Electronic Frontier Foundation withdraws initial AppFlash story pending review

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Just a few days ago, the Electronic Frontier Foundation (EFF) posted a story about AppFlash coming to Verizon phones. AppFlash is an app launcher that is designed to help users locate useful information quickly. AppFlash is pretty much a search tool which also collects user data to sell advertising, not unlike Google search. The EFF had reported that AppFlash would start rolling out to all Verizon phones very soon and there was no opt-out of it.

Quote redacted by the EFF until further investigation.

Within days of Congress repealing online privacy protections, Verizon has announced new plans to install software on customers’ devices to track what apps customers have downloaded. With this spyware, Verizon will be able to sell ads to you across the Internet based on things like which bank you use and whether you’ve downloaded a fertility app.

Verizon’s use of “AppFlash”—an app launcher and web search utility that Verizon will be rolling out to their subscribers’ Android devices “in the coming weeks”—is just the latest display of wireless carriers’ stunning willingness to compromise the security and privacy of their customers by installing spyware on end devices.

Verizon responded to the EFF with a statement that both ensured this was not a widespread rollout and that customers will have the ability to opt-out of install.

Verizon statement:

We have received additional information from Verizon and based on that information we are withdrawing this post while we investigate further. Here is the statement from Kelly Crummey, Director of Corporate Communications of Verizon: “As we said earlier this week, we are testing AppFlash to make app discovery better for consumers. The test is on a single phone – LG K20 V – and you have to opt-in to use the app. Or, you can easily disable the app. Nobody is required to use it. Verizon is committed to your privacy. Visit www.verizon.com/about/privacy to view our Privacy Policy.”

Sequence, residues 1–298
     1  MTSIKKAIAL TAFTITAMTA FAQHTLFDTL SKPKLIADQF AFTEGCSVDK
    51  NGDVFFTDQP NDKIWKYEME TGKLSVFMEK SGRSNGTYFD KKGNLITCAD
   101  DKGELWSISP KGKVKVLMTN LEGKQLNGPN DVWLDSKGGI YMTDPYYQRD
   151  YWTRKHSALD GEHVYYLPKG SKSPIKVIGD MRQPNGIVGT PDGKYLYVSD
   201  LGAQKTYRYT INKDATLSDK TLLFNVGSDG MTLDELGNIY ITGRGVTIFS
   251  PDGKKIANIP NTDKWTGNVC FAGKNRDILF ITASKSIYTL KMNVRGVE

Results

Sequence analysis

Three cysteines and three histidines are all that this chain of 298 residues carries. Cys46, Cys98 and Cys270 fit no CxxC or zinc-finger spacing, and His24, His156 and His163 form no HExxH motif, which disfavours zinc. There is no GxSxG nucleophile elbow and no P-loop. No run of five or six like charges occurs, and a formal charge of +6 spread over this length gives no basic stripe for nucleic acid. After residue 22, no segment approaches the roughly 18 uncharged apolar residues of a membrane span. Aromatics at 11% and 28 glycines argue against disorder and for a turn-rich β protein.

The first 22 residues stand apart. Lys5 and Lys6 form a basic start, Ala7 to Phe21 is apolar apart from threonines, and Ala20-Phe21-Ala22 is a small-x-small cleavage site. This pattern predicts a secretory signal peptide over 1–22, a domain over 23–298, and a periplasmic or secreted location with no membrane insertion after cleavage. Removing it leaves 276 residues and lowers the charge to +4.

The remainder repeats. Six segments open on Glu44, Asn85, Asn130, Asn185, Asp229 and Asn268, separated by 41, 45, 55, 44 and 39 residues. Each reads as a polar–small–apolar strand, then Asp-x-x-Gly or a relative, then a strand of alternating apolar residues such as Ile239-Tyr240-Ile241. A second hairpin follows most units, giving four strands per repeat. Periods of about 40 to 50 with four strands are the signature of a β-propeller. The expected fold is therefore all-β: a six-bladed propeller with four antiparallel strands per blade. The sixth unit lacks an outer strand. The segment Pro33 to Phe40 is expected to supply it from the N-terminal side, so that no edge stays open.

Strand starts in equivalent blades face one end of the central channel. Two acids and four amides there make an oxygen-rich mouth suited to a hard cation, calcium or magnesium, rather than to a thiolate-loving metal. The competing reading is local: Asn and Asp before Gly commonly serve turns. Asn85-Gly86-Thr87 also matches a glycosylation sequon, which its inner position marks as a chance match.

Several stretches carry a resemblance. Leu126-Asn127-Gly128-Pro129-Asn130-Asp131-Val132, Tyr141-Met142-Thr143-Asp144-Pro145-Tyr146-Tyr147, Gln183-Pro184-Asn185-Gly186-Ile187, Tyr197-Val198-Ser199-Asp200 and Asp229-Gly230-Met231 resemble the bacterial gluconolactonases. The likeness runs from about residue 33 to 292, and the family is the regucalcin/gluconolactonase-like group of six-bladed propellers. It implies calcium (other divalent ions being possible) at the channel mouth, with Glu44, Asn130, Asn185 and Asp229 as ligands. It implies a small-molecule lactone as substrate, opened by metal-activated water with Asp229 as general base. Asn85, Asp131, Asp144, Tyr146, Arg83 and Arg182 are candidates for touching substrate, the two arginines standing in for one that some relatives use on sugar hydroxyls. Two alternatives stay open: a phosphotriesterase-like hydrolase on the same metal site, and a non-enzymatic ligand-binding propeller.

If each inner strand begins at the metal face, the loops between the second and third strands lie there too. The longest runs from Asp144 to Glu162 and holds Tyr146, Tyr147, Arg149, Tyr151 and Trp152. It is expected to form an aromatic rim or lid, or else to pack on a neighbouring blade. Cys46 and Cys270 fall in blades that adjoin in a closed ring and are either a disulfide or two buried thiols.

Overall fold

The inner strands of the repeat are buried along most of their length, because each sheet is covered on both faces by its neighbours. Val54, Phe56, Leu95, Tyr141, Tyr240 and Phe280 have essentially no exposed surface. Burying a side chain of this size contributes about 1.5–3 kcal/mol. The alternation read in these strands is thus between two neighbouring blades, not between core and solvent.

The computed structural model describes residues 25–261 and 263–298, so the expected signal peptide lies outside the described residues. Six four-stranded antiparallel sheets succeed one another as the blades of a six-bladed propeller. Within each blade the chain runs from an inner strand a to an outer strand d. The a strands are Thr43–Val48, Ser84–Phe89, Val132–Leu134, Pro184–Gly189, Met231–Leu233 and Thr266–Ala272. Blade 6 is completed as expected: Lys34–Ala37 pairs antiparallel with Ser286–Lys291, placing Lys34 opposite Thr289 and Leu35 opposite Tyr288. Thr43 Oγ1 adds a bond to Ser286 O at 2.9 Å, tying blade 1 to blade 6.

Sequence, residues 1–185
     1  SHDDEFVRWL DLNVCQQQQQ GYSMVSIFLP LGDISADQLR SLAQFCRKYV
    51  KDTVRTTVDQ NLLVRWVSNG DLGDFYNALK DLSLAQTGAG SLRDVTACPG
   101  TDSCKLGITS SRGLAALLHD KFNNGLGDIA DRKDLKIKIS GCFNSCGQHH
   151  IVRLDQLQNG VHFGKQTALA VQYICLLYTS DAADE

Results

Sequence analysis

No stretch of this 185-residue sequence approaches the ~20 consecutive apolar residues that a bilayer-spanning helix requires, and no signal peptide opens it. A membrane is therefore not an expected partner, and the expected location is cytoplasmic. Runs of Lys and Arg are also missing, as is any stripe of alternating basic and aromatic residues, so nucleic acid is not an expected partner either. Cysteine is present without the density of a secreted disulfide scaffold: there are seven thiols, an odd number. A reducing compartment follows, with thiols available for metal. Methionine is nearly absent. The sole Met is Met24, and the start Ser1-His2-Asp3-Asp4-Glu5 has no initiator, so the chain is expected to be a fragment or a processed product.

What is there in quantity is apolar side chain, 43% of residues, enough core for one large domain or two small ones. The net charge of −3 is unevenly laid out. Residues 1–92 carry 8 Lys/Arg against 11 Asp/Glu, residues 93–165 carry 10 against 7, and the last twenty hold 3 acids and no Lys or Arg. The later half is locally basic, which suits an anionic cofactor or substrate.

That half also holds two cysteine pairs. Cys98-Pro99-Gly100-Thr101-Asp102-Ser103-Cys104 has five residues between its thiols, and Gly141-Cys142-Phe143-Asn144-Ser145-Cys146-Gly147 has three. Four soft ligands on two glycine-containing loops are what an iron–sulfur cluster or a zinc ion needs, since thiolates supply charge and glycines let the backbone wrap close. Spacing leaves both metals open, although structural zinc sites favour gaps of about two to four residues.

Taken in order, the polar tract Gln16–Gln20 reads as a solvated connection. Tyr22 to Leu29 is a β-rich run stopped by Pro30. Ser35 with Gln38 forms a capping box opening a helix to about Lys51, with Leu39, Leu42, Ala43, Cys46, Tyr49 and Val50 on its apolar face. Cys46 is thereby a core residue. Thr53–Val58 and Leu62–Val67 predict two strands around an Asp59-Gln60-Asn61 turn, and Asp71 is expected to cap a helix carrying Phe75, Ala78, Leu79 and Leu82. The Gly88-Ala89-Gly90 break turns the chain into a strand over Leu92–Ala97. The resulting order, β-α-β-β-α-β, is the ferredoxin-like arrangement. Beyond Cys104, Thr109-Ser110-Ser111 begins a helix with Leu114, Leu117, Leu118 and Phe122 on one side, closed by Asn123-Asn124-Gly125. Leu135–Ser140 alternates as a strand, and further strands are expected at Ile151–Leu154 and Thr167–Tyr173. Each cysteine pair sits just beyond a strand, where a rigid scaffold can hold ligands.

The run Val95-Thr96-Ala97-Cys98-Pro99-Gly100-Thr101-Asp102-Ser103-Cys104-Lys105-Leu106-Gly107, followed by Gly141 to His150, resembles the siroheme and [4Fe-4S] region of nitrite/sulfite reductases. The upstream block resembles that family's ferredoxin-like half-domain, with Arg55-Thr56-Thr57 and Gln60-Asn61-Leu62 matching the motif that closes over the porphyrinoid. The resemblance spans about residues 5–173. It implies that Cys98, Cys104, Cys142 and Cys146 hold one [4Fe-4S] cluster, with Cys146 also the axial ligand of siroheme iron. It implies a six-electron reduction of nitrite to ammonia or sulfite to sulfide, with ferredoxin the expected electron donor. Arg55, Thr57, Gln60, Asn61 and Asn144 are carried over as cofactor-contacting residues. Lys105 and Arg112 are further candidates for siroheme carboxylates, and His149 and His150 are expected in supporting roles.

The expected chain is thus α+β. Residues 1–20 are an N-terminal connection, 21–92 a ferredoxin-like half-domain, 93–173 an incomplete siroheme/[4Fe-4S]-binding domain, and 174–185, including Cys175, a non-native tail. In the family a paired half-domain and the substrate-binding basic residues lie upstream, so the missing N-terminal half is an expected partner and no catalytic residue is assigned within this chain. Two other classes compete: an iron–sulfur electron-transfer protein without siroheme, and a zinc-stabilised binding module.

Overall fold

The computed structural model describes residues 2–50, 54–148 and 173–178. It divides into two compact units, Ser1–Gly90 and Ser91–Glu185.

The recent actions that were taken by Congress to repeal the bill that would strengthen consumer privacy have users and media knee-jerking at every turn. While it’s disappointing that the bill was repealed, it really was never in place to begin with and nothing has really changed. We’re just not going to see the change that we wanted to see come as we thought we would. I think many users have been confused thinking that these privacy rules were already in place and suddenly we’re all fair game for ISP’s to buy and sell our data. One thing is certain, the battle over online privacy isn’t going to end that easily. We will be reading a lot more about all of this as the months wear on.

What do you think of the EFF pulling back their initial post about Verizon’s AppFlash move? Let us know in the comments below or on Google+, Twitter, or Facebook.

[button link=”https://www.eff.org/deeplinks/2017/03/first-horseman-privacy-apocalypse-has-already-arrived-verizon-announces-plans?foo” icon=”fa-external-link” side=”left” target=”blank” color=”285b5e” textcolor=”ffffff”]Source: EFF[/button]

Last Updated on April 1, 2017.


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